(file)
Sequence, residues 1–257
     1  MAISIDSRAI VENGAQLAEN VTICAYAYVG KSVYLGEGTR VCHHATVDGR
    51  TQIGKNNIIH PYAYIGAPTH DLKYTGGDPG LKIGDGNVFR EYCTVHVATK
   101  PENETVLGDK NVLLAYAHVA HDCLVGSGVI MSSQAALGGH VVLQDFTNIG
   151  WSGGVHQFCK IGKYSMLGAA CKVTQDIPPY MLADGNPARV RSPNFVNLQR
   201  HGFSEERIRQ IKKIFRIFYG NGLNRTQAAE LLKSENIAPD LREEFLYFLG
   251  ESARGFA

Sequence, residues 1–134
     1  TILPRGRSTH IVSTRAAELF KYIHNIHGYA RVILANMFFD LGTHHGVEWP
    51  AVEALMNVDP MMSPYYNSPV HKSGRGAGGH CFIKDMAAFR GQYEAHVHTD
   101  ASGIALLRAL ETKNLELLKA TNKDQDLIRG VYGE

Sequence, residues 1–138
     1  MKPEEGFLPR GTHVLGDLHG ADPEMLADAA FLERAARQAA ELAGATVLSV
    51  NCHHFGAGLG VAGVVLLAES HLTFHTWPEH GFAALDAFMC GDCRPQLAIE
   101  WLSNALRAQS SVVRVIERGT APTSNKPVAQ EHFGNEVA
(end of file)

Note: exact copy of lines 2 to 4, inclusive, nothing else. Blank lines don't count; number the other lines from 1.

     1  MAISIDSRAI VENGAQLAEN VTICAYAYVG KSVYLGEGTR VCHHATVDGR
    51  TQIGKNNIIH PYAYIGAPTH DLKYTGGDPG LKIGDGNVFR EYCTVHVATK
   101  PENETVLGDK NVLLAYAHVA HDCLVGSGVI MSSQAALGGH VVLQDFTNIG